Duke Philipp of Württemberg
|Duke Philipp of Württemberg|
|Born||30 July 1838|
Neuilly-sur-Seine, Kingdom of France
|Died||11 October 1917 (aged 79)|
Stuttgart, Kingdom of Württemberg
|Spouse||Archduchess Maria Theresa of Austria|
|Issue||Albrecht, Duke of Württemberg|
Duchess Marie Amélie
Duchess Maria Isabella
|House||House of Württemberg|
|Father||Duke Alexander of Württemberg|
|Mother||Princess Marie d'Orléans|
Duke Philipp of Württemberg (30 July 1838 – 11 October 1917) was a German prince, head of the Roman Catholic cadet branch of the dynasty which ruled the Kingdom of Württemberg.
He was the son of Duke Alexander and of Princess Marie d'Orléans, a daughter of Louis Philippe, King of the French. His mother died when he was a few months old, causing him to be raised by his grandparents in Paris. When he was ten, the Royal family of France had to flee from France, staying in exile in Great Britain.
Duke Philipp became engaged to Duchess Sophie in Bavaria, sister of the Empress Elisabeth of Austria. But the Duke dissolved the engagement. He married Archduchess Maria Theresia and the couple had a splendid palace built at the Ringstrasse in Vienna. They moved in during 1865, but as Duchess Marie Therese never liked the palace it was sold to a banker and investor in 1871. Two years later, the renovated palace was opened on the occasion of the 1873 Vienna World's Fair as the Hotel Imperial. To this day it remains one of the most famous hotels in the world, and while renovated multiple times it has retained many elements of the original neo-Renaissance elements in the Ducal Palace.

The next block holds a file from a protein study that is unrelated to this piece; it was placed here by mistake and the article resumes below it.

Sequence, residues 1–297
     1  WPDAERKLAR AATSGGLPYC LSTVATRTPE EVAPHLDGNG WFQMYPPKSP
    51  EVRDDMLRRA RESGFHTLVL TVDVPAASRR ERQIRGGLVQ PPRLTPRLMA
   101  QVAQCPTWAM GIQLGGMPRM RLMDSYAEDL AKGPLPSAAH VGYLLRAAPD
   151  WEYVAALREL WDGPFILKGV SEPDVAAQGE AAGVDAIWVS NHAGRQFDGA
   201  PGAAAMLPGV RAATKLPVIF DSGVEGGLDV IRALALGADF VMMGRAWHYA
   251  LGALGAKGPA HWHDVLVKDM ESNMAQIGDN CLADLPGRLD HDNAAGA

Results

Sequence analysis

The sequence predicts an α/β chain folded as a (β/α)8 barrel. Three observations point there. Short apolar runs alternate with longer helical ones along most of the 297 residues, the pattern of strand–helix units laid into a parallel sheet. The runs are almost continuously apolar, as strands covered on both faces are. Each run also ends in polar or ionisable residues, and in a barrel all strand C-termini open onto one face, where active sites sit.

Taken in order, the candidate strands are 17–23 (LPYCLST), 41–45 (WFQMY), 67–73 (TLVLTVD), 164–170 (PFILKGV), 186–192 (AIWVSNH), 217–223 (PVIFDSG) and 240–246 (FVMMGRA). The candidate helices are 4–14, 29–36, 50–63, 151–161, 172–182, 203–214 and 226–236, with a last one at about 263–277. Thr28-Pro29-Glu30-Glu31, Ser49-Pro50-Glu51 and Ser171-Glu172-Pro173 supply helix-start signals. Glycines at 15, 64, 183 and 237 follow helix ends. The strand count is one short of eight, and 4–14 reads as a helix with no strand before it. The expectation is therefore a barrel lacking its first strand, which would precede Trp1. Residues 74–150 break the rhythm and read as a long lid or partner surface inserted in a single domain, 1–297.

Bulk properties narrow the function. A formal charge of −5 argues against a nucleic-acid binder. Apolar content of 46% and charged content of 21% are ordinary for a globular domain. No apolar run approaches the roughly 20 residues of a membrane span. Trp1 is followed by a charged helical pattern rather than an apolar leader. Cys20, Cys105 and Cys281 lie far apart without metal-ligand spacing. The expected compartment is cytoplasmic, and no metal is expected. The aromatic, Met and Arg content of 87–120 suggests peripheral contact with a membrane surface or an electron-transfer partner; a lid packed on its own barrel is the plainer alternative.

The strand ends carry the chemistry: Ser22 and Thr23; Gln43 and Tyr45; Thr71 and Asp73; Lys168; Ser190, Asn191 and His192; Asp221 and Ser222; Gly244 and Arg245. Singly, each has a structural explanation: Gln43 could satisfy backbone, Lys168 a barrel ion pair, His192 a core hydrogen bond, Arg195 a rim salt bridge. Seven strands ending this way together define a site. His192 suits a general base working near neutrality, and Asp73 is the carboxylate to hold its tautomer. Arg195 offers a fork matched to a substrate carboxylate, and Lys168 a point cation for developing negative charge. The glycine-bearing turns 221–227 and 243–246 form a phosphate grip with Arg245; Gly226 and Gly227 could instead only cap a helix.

After selling their palace in Vienna the couple bought a much smaller city palace named Strudelhof. They had a grand villa built at Altmünster on the shore of the Traunsee, not far away from the Emperor's summer residence at Bad Ischl. Around 1900, the couple moved to Stuttgart where they lived near their sons, at the Prinzenbau.
Upon the death of his cousin Duke Nicholas of Württemberg in 1903, he became heir presumptive to the royal throne of Württemberg until his death in 1917. But he was ten years older than King Wilhelm II of Württemberg, and so his eldest son Duke Albrecht (1865–1939) was considered and raised as the next king. On 29 November 1918 Württemberg's monarchy was abolished in the collapse of the German Empire following World War I, while his kinsman of the senior branch of the dynasty, Wilhelm II, was still king (and lived, after his abdication, until 2 October 1921).
Marriage and issue
In 1865 Philip of Württemberg married Archduchess Maria Theresa of Austria, daughter of Archduke Albert, Duke of Teschen and Princess Hildegard of Bavaria. They had five children:
- Albrecht, Duke of Württemberg (23 December 1865–31 October 1939) he married Archduchess Margarete Sophie of Austria on 24 January 1893. They had seven children.
- Duchess Marie Amélie of Württemberg (24 December 1865-16 December 1883) died at the age of seventeen.
- Duchess Maria Isabella of Württemberg (30 August 1871–24 May 1904) she married Prince Johann Georg of Saxony on 5 April 1894.